18. Better survival of hybrid total knee arthroplasty compared to cemented arthroplasty

    PubMed Central

    Petursson, Gunnar; Fenstad, Anne Marie; Havelin, Leif Ivar; Gøthesen, Øystein; Lygre, Stein Håkon Låstad; Röhrl, Stephan M; Furnes, Ove

    2015-01-01

    Background and purpose — There have been few comparative studies on total knee replacement (TKR) with cemented tibia and uncemented femur (hybrid TKR). Previous studies have not shown any difference in revision rate between cemented and hybrid fixation, but these studies had few hybrid prostheses. We have evaluated the outcome of hybrid TKR based on data from the Norwegian Arthroplasty Register (NAR). Patients and methods — We compared 4,585 hybrid TKRs to 20,095 cemented TKRs with risk of revision for any cause as the primary endpoint. We included primary TKRs without patella resurfacing that were reported to the NAR during the years 1999–2012. To minimize the possible confounding effect of prosthesis brands, only brands that were used both as hybrids and cemented in more than 200 cases were included. Kaplan-Meier survival analysis and Cox regression analysis were done with adjustment for age, sex, and preoperative diagnosis. To include death as a competing risk, cumulative incidence function estimates were calculated. Results — Estimated survival at 11 years was 94.3% (95% CI: 93.9–94.7) in the cemented TKR group and 96.3% (CI: 95.3–97.3) in the hybrid TKR group. The adjusted Cox regression analysis showed a lower risk of revision in the hybrid group (relative risk = 0.58, CI: 0.48–0.72, p < 0.001). The hybrid group included 3 brands of prostheses: LCS classic, LCS complete, and Profix. Profix hybrid TKR had lower risk of revision than cemented TKR, but the LCS classic and LCS complete did not. Kaplan-Meier estimated survival at 11 years was 96.8% (CI: 95.6–98.0) in the hybrid Profix group and 95.2% (CI: 94.6–95.8) in the cemented Profix group. Mean operating time was 17 min longer in the cemented group. Interpretation — Survivorship of the hybrid TKR at 11 years was better than that for cemented TKR, or the same, depending on the brand of prosthesis. Hybrid fixation appears to be a safe and time-efficient alternative to cemented fixation in total knee replacement surgery. PMID:26179889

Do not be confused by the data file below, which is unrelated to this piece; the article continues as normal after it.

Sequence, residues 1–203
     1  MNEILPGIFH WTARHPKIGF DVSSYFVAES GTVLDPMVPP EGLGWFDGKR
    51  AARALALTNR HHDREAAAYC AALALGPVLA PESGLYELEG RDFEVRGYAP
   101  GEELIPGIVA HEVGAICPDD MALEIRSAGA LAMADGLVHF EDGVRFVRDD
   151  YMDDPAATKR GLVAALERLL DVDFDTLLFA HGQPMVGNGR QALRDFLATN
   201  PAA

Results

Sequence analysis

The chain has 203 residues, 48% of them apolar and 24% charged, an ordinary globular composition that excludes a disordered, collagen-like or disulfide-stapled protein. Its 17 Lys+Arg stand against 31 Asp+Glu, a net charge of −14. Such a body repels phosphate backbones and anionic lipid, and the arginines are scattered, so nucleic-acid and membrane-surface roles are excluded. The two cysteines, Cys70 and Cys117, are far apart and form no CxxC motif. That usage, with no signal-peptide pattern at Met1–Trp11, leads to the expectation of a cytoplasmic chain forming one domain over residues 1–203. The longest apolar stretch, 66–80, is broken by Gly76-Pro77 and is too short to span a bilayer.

19. Robotic Tube-Gap Inspector

    NASA Technical Reports Server (NTRS)

    Gilbert, Jeffrey L.; Gutow, David A.; Maslakowski, John E.

    1993-01-01

    Robotic vision system measures small gaps between nearly parallel tubes. Robot-held video camera examines closely spaced tubes while computer determines gaps between tubes. Video monitor simultaneously displays data on gaps.

  20. Bone Cement Solidifiliation Influence the Limb Alignment and Gap Balance during TKA

    PubMed Central

    Shi, Dongquan; Xu, Xingquan; Guo, Anyun; Dai, Jin; Xu, Zhihong; Chen, Dongyang; Jiang, Qing

    2015-01-01